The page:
Telling the Truth About Public Employees
You’ve heard it before — a lie that goes like this: Public employees (especially those who are represented by unions) are the overpaid recipients of pension and health care benefits that are way too generous.
How enemies of public service unions are using lies and distortion to attack the hard-earned pensions, wages and health care benefits of public service workers.
By Clyde Weiss
You’ve heard it before — a lie that goes like this: Public employees (especially those who are represented by unions) are the overpaid recipients of pension and health care benefits that are way too generous. Corporate bosses, anti-union lawmakers and anti-worker ideologues at think tanks and media outlets like Fox News have repeated this fiction for many years. But today’s mythology has a new, more sinister twist — one that says the weight of public workers’ wages and benefits is what’s causing state and local budgets to crumble.
These myths shield the real ambitions of Wall Street and its ideological allies. They want to shrink the size of government, reduce or evade regulation, depress public worker wages and benefits so their own workers won’t demand better treatment, and deflate unions’ ability to give their members a stronger voice in the workplace.
Their campaign hasn’t been successful — yet. But their effort to direct public rage away from the economic devastation wrought by Wall Street fat cats and the collapse of the housing market has made us targets of their well-financed smears.
To deflect their own responsibility for the miserable state of the economy, these enemies of working people are attacking your wages and benefits by singling out public employees. In an interview with the Washington newspaper, POLITICO, Indiana Gov. Mitch Daniels (R) recently called public workers “a new privileged class.” He added, “We used to think of government workers as underpaid public servants. Now they are better paid than the people who pay their salaries.”
Not true, of course. Public employee benefits are modest, and represent a good deal for the taxpayers who depend on the services that federal, state and local government workers provide. But that’s beside the point for people like Daniels, who have tried over and over again to destroy the ability of public service workers to win workplace rights and improve their lives by organizing with a union. On his first full day in office in 2005, Daniels rescinded state workers’ collective bargaining rights supported by three previous governors.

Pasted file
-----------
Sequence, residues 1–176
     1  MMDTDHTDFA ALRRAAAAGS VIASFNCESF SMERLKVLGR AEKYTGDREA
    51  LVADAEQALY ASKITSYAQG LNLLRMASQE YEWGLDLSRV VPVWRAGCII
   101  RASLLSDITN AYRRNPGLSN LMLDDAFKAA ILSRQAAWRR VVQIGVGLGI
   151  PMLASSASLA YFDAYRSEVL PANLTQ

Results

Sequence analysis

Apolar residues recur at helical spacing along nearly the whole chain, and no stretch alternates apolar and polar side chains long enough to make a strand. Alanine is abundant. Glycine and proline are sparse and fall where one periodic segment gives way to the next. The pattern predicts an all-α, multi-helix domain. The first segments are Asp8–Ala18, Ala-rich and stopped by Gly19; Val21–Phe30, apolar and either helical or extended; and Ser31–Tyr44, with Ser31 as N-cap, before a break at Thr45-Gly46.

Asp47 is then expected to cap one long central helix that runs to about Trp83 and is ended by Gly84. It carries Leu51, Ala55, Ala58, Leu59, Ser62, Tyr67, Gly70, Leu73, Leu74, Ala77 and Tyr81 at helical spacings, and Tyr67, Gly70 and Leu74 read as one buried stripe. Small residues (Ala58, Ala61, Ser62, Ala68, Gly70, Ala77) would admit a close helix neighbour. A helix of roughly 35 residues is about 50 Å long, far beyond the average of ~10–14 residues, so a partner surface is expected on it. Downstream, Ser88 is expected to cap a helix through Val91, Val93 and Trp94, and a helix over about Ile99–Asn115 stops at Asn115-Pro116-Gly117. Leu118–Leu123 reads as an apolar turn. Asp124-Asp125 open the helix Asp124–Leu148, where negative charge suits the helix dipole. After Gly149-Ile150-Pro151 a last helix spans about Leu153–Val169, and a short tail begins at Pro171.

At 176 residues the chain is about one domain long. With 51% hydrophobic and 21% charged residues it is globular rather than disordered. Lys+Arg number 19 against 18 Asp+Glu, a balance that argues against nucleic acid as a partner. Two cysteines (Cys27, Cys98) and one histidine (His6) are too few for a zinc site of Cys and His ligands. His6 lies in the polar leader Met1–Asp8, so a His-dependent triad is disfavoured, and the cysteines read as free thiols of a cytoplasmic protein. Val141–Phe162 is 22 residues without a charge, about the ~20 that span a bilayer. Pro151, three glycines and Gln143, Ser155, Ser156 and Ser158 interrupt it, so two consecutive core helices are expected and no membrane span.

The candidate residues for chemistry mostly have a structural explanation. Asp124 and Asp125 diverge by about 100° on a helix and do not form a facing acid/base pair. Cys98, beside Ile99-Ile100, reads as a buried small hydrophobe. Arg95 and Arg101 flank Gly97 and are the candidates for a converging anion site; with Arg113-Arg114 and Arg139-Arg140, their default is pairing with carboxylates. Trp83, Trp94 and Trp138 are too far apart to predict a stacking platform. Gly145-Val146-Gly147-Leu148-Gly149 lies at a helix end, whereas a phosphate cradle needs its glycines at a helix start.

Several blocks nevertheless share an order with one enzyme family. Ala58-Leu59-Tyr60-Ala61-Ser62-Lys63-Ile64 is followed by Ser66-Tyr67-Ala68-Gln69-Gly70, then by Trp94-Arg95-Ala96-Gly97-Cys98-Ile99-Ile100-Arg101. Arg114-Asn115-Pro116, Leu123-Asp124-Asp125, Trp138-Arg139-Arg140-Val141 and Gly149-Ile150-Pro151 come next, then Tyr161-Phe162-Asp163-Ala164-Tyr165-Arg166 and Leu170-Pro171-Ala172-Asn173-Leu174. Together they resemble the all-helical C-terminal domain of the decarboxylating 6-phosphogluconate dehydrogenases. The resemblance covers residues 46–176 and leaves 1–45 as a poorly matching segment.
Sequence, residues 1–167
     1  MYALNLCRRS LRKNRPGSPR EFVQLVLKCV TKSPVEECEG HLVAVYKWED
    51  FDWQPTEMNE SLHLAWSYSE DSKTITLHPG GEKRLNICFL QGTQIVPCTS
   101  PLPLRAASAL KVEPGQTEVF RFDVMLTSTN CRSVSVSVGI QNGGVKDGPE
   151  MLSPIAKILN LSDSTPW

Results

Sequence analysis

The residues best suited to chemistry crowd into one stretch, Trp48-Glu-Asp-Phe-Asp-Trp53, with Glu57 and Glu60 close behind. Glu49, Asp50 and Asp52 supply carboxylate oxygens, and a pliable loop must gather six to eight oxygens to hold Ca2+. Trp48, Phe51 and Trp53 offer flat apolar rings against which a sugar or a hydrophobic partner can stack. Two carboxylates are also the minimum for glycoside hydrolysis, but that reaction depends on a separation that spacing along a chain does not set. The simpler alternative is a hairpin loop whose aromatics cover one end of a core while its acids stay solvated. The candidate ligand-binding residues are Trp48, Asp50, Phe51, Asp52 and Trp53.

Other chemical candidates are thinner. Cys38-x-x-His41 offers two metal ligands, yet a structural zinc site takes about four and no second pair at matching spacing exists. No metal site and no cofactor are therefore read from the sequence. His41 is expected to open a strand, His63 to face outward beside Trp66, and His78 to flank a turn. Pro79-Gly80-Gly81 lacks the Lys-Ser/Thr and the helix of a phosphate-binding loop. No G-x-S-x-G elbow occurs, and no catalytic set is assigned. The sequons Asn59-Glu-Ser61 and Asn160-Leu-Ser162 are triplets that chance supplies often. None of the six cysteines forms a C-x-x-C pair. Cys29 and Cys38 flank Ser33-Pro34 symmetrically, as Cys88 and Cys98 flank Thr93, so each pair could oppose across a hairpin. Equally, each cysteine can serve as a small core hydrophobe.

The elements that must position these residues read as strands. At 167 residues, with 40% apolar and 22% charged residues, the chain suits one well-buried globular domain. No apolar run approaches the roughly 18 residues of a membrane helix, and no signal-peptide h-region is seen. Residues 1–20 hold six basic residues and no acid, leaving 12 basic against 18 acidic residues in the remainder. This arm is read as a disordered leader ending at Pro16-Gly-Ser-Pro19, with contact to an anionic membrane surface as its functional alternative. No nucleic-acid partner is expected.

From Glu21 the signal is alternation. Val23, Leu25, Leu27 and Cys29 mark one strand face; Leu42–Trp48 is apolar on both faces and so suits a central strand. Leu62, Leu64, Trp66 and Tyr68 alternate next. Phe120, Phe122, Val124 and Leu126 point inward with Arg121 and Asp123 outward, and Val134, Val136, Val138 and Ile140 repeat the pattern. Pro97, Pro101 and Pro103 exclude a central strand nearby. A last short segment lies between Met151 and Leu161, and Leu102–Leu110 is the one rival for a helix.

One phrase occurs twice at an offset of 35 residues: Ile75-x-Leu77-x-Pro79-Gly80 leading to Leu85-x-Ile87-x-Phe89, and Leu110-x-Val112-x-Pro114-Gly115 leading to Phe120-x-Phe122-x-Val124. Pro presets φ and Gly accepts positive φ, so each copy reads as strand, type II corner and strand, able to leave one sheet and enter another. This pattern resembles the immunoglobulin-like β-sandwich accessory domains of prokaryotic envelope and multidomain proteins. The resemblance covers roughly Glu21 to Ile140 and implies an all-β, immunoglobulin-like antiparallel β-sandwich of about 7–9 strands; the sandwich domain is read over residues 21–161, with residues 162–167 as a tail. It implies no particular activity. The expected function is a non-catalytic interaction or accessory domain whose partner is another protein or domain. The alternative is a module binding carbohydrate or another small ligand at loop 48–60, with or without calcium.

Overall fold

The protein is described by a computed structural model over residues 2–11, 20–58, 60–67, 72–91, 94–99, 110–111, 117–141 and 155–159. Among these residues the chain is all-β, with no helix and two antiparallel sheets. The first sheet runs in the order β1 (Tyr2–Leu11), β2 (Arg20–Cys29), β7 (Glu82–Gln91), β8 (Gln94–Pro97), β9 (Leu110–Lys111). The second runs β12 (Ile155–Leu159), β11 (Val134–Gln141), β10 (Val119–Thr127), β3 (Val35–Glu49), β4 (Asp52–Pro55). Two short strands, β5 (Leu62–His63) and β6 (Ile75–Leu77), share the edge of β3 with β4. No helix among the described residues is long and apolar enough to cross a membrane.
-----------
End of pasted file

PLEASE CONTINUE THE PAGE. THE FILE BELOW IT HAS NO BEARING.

In the private sector, business leaders want to prevent their own workers from gaining the same rights, wages and benefits that union members now have. They also want to avoid paying their fair share of the taxes that support critical public services. To do that, they’re trying to turn public anger over lost jobs and low wages away from themselves and toward public service workers — particularly those who have worked to improve their lives through collective bargaining.
That’s why people like David Fleming, founding chairman of the Los Angeles County Business Federation, point their fingers at your pensions. “It’s no secret that the lavish public pensions engineered by the public employee unions are bringing local governments to the precipice of bankruptcy,” he recently told the Los Angeles Business Journal. Let’s take the myths apart and look for the truth.
Your pensions are bankrupting cities and states
Pensions are the low-hanging fruit for budget-cutting lawmakers and governors: Cut pension benefits and you don’t have to raise revenue or cut something else. It’s convenient. Politicians don’t like raising revenue — by increasing taxes on the wealthy, imposing fees, or closing tax loopholes — because it’s politically unpopular. Cutting back on services is also unpleasant because people demand something in return for their hard-earned taxes.
This is where those who would shrink government see opportunity. Rather than support increased revenue — from the public and themselves — they prefer to manipulate workers in the private sector who have lost their pensions (or never had one) into resenting those who do have pensions.